There’s a new studio light in town and this time it’s not in Elgato’s range. Razer is joining the streaming setup game with their offering, the originally named Razer Key Light Chroma. A familiar-looking rounded-rectangle LED light, this one has a typically Razer trick up its sleeve: RGB. Obviously.
There’s a tough fight ahead though, with a number of high-quality lighting options already vying for a spot in every streaming for gamers set up and in the race to outdo the best ring lights too. So the question is, will a splash of colour be enough to give Razer the upper hand?
Design & features
Razer has got a lot right with the build of the Key Light Chroma, even the way it’s packaged feels premium. It’s a shift away from the usual glossy black and green boxes to a more understated plain printed cardboard, but it’s cleverly arranged and everything has a neat compartment.
This quality continues to the Key Light Chroma itself, the metal backplate is a premium choice and helps give the entire unit a professional edge. Measuring in slightly larger than Elgato’s full-size Key Light and more than 6 times larger than the excellent Elgato Key Light Mini, there’s a lot of panel here. It’s not bulky though, just under 4cm at its thickest point and, cleverly, there are no buttons or cable inputs on the back so it’ll happily sit flush against a wall without compromise.
The included mount and desk clamp is sturdy, which is reassuring because the Key Light Chroma is surprisingly heavy. The clamping mechanism also lets you disengage the handle from turning the screw, allowing you to tighten in small spaces which is a very useful touch. It’s worth noting however the clamp will need at least 15cm of clearance under the worktop which may cause problems for the likes of the best gaming desks that have cable management trays.
As a studio light, Razer’s Key Light Chroma is a strong option and stacks up well against competitors. The 2,800 lumens of power on offer is more than you’ll ever need and I never found myself using more than about 45% brightness. The total power does take a hit when using the RGB function, however, with the app limiting output to 15% “to guarantee the optimal visibility of each effect”.
The Key Light delivers a wide colour temperature range with step-less transitions from 4000 to 7000K, giving plenty of control for proper white balancing in different conditions. With the backlight off, the Razer Key Light Chroma’s RGB options are surprisingly saturated and do still throw an impressive amount of colour. The full rainbow is available with a handful of basic effects by default plus more detailed effect control is available in the Razer Synapse desktop app.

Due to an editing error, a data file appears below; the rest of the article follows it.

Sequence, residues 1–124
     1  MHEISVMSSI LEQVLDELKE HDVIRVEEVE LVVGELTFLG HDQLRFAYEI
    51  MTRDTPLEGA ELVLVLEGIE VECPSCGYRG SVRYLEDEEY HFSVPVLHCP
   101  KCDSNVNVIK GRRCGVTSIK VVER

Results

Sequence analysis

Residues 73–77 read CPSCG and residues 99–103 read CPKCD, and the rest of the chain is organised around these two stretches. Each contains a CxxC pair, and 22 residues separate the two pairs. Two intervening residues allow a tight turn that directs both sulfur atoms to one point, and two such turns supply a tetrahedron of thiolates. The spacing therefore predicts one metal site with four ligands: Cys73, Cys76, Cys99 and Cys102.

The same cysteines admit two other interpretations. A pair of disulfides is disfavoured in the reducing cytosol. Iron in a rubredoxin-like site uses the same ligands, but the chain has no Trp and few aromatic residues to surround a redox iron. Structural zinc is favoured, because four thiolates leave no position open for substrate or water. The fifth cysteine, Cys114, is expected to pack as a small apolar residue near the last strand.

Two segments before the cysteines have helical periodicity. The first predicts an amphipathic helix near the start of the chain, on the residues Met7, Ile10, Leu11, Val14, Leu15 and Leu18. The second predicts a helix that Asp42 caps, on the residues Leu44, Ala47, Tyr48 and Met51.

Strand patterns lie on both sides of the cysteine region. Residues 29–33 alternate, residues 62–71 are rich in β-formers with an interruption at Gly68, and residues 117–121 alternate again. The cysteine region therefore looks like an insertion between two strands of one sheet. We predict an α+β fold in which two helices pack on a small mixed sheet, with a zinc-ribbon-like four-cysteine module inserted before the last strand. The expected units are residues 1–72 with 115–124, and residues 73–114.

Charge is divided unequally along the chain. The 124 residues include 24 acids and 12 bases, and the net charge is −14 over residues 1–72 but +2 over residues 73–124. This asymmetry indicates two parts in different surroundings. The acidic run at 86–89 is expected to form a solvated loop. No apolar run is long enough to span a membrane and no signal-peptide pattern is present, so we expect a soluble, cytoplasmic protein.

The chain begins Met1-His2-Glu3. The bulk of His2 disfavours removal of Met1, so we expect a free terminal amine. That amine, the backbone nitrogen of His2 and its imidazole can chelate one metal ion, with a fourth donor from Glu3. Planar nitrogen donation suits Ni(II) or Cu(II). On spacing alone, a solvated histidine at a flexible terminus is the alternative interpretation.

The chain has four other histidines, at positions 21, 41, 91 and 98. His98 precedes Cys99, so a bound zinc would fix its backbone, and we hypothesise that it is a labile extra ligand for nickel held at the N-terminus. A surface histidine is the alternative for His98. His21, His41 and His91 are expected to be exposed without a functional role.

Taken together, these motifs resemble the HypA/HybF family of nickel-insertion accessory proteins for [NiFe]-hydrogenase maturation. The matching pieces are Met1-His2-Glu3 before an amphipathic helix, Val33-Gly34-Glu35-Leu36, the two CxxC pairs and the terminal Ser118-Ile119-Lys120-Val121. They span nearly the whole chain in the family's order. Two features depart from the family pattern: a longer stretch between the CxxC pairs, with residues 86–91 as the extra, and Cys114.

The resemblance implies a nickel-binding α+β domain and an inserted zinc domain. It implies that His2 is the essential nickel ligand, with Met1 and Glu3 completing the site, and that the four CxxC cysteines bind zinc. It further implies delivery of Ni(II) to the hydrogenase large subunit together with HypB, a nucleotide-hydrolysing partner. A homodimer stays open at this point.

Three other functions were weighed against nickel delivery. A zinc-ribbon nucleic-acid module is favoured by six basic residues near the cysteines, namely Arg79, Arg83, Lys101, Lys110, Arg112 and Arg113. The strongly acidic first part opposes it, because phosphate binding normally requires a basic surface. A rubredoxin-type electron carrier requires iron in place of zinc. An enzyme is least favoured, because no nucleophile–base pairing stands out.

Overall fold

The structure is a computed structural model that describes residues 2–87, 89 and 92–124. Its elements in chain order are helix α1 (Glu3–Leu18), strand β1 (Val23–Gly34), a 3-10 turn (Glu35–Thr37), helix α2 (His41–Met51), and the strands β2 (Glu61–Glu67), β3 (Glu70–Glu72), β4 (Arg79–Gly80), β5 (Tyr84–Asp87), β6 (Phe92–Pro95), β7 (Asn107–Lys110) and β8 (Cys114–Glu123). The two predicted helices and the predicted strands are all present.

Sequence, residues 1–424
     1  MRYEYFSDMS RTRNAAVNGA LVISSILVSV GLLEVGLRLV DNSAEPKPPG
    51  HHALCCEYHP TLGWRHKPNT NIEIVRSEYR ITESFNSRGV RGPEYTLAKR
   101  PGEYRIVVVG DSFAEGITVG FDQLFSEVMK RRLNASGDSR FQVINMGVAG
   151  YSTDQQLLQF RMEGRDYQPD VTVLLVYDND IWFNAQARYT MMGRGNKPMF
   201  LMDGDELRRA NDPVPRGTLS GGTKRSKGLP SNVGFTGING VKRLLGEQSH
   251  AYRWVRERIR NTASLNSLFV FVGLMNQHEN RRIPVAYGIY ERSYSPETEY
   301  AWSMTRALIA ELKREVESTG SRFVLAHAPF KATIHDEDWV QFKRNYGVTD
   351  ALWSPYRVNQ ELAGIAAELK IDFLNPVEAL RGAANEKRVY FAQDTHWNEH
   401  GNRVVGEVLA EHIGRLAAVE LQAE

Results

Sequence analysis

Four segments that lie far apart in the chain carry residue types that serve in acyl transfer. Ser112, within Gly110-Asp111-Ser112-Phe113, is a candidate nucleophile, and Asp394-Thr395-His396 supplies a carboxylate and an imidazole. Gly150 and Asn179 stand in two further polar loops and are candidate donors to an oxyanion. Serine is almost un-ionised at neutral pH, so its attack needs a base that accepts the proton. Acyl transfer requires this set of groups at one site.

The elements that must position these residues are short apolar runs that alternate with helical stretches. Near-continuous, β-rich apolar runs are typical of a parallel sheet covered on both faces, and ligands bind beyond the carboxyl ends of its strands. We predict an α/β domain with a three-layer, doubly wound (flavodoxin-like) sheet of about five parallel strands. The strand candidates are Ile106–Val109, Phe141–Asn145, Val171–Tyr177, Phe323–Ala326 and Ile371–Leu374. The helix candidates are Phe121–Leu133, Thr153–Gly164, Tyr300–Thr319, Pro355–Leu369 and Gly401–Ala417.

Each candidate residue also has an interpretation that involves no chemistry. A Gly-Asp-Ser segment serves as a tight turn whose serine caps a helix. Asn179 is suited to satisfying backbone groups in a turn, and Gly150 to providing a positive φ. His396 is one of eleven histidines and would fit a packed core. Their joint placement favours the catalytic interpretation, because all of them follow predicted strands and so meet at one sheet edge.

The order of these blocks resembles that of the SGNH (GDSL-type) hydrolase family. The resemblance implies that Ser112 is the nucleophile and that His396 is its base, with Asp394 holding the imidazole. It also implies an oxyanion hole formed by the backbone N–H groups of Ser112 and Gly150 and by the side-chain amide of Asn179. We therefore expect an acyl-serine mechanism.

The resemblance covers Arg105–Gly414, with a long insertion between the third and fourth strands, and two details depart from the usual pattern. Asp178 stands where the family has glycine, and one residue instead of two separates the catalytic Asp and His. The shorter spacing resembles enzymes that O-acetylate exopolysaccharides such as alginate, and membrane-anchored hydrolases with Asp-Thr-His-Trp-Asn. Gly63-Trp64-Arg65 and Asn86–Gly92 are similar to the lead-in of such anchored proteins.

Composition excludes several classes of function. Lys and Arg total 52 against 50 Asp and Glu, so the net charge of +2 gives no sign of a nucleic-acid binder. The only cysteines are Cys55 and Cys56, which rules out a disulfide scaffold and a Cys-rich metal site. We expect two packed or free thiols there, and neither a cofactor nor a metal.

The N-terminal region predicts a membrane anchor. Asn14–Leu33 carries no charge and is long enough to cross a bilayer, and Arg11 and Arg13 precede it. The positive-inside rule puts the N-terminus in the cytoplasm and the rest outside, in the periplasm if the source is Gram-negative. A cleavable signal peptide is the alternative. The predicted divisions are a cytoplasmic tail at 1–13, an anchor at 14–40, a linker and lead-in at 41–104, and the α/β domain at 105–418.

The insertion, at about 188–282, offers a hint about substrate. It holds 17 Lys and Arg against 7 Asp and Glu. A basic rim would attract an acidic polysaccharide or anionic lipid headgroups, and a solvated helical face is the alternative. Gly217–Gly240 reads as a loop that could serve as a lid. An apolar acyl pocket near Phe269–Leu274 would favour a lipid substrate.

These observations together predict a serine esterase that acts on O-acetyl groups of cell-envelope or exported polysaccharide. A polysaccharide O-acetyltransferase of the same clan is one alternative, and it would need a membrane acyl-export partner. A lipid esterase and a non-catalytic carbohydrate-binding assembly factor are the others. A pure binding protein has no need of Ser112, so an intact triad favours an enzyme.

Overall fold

Integrating the Razer Key Light Chroma into my setup was a frustrating experience. The hardware is excellent, but Razer has completely dropped the ball with software and connections. Trying to get Razer’s own Synapse software to recognise and add the Key Light took nearly 40 minutes and once I did finally get things talking, I was disappointed by the options available. Synapse itself is limited, there’s no way to use an Elgato Stream Deck, and no way to trigger actions with global hotkeys. For a product targeting streamers, this is a huge miss.
Colour is what sets Razer’s Key Light apart from other options but needing to click around in Synapse in order to change anything makes this feature almost pointless for streamers. There’s no simple way to switch colours or effects on the fly and no way to have the light fully interact with Twitch alerts. For someone in the middle of a game or celebrating a hype train, having to tab out to engage party mode just isn’t an option.
Even the Razer Streaming mobile app isn’t without faults. Adding the Key Light was far quicker and easier here, but the connection is patchy and I was often greeted by the sight of the app being unable to find my light for around 30 seconds each time I opened it. This isn’t an issue I’ve encountered with Elgato’s Control Centre app, so there’s certainly room for improvement.
Overall – Should you buy it?
The Razer Key Light has stacks of potential but it’s being badly let down by mediocre software and poor third-party connectivity. For creators not looking for interactivity and simply wanting a ‘set and forget’ option, the Key Light Chroma is a good proposition that will do a fine job of lighting a scene, and it also really boosts the suite of Razer streaming going right now.
But at nearly twice the price of Elgato’s Key Light and with its only unique feature, the RGB Chroma Effects, rendered near useless by poor software, it’s hard to fully recommend the Razer Key light as the best option for most streamers.
It’s an easily remedied situation though, more robust software and proper integration with other apps would quickly propel Razer’s offering to the front.
How we tested the Razer Key Light Chroma
I added the Razer Key Light to my stream setup and attempted to use it as both a primary light for my facecam and a secondary effects light, as well as some specific testing. In both instances, the Key Light was mounted using Razer’s supplied desk clamp and telescopic arm.
As a primary light, it replaced an Elgato Key Light Air and was used with the chroma function off, using the Razer Synapse software for brightness and power control. Attempting (and failing) to use the Key Light as an effects light, I ran it with the chroma function on and light panel off and tried both the Synapse desktop app and Razer Streaming mobile app.
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3 out of 5
Razer Key Light Chroma
A good quality light but one that’s badly let down by poor software and connectivity